Mobile home park owners and tenants at each others throats

5 Replies

Hello BP, 

I recently sat down with a mobile homeowner in San Diego who to say the least has had some very bad interactions with the management and owners of the park; from what I have been told resisting park rules excess people living in unit, and from the owner the fact that he replies to there requests by attorney does not seem to help anything. He has already moved out of the mobile home due to an agreement between management. Park management is reluctant to share information regarding possible liens, back taxes, back rent, . Stating "That's between our attorneys. Submit the application and we will go from there."

He is ready to sell but according to the mobile home owner management has been denying everyone who puts in a tenant application making it impossible to sell. Both the owner and management do agree that there is a check list of items that must be completed to sell the mobile home. The mobile home owner who is very sour about the entire event does not want to complete the check list (seems like mostly out of spite) but he is definitely prepared to sell.

I have already submitted my tenant application due to my 9  to 5 income I am more than qualified to be a tenant. (so we will see if they are really throwing away these apps or giving them a fair chance.)

Solution- Be approved as a tenant, get the check list completed, become a tenant, make improvements and sell unit.

Any advice would be appreciated. 

If the park management denies my application what is the best option for challenging there decision? Is there a way to find out if there is back rent/ taxes owed? 

Move on to another park.  Park management is god-like in these maters.  They have the right to say no for any reason, including personal gain.

Your story is exactly why I don't recommend to beginning investors to buy mobile homes in parks.  What was once a doable rent management situation can turn around over night and the mobile home owner is stuck paying lot rent, yet can't rent their home, nor sell it.  It's possible to loose the home to the park who's locking out your renters...

There has to be many other less tense situations where you would enjoy living.  Why willingly jump into that mess?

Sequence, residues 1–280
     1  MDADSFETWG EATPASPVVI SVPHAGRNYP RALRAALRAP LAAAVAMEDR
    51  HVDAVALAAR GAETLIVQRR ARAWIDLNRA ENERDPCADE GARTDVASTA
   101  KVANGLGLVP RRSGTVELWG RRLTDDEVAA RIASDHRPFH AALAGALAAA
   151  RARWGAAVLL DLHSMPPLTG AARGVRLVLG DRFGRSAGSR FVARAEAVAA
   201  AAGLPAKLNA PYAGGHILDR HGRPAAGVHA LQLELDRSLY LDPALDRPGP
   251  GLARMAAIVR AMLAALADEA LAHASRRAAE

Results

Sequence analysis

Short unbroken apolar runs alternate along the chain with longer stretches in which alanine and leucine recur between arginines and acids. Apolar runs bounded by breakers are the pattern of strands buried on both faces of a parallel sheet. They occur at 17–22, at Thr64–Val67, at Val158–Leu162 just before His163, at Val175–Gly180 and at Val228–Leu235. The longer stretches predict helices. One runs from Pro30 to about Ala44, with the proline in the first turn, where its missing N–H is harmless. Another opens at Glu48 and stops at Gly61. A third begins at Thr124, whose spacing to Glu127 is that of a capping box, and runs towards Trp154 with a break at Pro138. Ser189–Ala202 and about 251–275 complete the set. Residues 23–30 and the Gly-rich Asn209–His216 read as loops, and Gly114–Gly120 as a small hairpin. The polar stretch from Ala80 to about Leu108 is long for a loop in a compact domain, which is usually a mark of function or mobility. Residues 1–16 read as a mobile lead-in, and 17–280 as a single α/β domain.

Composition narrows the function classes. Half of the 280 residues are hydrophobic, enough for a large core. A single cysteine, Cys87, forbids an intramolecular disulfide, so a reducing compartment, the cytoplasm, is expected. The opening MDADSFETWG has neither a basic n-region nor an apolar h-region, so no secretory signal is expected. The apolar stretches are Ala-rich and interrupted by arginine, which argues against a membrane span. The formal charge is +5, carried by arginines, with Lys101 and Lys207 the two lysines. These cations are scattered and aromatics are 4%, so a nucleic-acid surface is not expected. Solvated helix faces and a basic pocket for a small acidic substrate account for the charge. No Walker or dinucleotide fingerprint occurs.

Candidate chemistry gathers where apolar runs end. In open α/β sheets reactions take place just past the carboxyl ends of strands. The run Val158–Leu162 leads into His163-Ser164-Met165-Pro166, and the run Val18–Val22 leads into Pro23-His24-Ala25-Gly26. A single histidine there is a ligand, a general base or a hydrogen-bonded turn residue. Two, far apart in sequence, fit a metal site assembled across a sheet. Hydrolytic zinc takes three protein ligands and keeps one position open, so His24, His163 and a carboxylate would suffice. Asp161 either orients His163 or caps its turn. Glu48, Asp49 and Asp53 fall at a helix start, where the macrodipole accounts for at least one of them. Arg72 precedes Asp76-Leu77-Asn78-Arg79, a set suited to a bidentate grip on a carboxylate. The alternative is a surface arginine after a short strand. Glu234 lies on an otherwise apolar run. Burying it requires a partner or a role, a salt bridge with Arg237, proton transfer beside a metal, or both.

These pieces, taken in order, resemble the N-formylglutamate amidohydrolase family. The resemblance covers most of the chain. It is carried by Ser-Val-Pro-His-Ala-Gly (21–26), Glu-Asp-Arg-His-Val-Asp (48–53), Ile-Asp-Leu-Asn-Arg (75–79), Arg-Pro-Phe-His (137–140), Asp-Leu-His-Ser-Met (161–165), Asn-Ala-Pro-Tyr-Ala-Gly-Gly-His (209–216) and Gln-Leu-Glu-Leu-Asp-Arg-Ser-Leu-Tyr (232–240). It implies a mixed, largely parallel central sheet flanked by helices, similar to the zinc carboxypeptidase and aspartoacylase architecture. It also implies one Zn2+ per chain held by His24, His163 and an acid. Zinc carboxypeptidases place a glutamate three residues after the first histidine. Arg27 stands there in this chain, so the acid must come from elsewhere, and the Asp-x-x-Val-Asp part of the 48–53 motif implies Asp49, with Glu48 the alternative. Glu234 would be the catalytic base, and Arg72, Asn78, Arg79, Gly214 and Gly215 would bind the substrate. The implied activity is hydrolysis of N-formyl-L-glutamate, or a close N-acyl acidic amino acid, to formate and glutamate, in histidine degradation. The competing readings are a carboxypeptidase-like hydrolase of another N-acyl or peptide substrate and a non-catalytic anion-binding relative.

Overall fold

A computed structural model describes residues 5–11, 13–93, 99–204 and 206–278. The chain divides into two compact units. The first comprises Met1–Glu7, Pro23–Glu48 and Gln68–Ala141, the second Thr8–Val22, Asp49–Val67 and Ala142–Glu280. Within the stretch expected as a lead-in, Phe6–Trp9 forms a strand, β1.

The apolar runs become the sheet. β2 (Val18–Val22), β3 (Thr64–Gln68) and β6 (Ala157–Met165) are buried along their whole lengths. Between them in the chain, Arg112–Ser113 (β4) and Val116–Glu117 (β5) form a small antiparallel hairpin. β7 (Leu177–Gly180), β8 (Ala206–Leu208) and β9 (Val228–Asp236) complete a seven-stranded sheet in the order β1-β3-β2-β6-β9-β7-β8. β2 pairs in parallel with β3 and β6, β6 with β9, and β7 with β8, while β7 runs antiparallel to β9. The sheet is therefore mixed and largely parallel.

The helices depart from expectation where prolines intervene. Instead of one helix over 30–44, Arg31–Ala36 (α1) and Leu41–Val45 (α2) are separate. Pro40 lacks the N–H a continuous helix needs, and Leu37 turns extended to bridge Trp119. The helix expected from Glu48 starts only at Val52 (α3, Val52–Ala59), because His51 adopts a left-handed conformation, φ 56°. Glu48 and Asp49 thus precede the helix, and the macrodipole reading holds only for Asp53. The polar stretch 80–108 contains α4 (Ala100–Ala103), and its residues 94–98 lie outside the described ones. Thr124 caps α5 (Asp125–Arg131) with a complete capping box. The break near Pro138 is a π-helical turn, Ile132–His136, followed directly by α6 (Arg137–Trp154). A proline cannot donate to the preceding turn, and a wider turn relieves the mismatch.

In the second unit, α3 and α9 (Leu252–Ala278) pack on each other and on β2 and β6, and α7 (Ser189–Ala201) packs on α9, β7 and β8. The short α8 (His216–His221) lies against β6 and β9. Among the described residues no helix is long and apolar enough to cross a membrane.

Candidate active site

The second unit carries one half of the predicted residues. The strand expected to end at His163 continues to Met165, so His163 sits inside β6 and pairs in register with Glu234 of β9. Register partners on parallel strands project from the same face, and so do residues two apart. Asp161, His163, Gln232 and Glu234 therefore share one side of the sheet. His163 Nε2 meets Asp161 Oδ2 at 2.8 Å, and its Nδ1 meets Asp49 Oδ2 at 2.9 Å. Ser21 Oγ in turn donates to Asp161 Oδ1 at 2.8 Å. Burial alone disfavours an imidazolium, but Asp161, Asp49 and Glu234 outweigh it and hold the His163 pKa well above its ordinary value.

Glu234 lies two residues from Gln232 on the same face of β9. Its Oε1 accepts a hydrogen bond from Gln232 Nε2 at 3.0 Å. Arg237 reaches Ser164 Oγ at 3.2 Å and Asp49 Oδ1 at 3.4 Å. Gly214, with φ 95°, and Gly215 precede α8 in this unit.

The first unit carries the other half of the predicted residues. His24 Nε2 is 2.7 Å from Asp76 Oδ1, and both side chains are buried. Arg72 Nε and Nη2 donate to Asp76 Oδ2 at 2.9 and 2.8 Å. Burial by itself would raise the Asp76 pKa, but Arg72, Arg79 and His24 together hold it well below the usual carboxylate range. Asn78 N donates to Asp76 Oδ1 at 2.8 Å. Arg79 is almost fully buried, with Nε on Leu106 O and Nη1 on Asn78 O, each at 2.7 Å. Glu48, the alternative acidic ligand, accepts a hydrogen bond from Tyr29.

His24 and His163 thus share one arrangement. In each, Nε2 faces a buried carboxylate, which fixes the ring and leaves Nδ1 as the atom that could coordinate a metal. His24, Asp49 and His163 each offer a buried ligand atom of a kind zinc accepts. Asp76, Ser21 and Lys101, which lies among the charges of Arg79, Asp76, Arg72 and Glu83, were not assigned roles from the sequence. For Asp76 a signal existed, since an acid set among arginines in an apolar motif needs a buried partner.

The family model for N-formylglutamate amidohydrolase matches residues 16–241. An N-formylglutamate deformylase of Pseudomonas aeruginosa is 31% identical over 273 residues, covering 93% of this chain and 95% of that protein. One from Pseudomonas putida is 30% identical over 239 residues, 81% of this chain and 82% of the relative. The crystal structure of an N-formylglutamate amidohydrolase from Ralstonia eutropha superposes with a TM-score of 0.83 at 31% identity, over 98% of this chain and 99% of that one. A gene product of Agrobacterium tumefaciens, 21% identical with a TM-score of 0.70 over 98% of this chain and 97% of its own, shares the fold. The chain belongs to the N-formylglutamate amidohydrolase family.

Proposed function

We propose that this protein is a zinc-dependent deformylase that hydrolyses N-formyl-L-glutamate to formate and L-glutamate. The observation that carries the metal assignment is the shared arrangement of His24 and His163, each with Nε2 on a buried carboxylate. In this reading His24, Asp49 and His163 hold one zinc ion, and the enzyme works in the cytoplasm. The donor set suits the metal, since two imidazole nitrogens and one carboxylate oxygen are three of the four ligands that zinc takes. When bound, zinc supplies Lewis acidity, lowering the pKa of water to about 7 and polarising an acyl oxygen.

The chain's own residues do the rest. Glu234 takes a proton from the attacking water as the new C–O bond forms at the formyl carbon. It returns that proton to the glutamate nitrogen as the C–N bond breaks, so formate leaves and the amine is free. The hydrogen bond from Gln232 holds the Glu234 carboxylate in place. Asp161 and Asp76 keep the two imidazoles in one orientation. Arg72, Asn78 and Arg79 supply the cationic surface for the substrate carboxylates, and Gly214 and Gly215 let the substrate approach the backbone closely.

Yes @Curt Smith I suppose your right, but do to comps selling in the same park to this unit even as is are at $69,000 and updated are selling $125,000 +, this is in a desirable part of San Diego where homes sell for 500,000+. So I can clearly see the park management holding it for there own gain.

Purchase price of $24,000

Rehab of $15,000

ARV of $100,000 conservative

The #'s are very enticing 

Just saying the park management could squeeze you and you'd loose your entire investment.

We see this in GA all the time.  Very preditory.  The poor owner occupants try to sell.  Their purchasers are renters are denied.  They are forced to walk and leave their home up for abandonment repo by the park.  Couldn't be a worse situation.

Some lonnie dealers (what you are describing) are doing ok, but IMO the business model hangs on a thread and good luck.  You are seeing it in your parks management. 

Thanks @Curt Smith I definitely appreciate you taking the time to reply. I will at this point see if there is any willingness with management then probably walk. Because it is definitely in there interest to take this unit. and with the owner out of the unit unable to rent his hand has definitely been forced. 

I'd probably advise staying away from this investment/headache.

That said, if there is another park to which you could move the home, that might solve all your problems.  If it were me, and I were a competing park owner with a vacant pad, and someone like you came to me offering to move-in a home and rehab it, I'd say 'yes.'  I might even help you pay for the move of the mobile home.

Your mileage may vary,


Create Lasting Wealth Through Real Estate

Join the millions of people achieving financial freedom through the power of real estate investing

Start here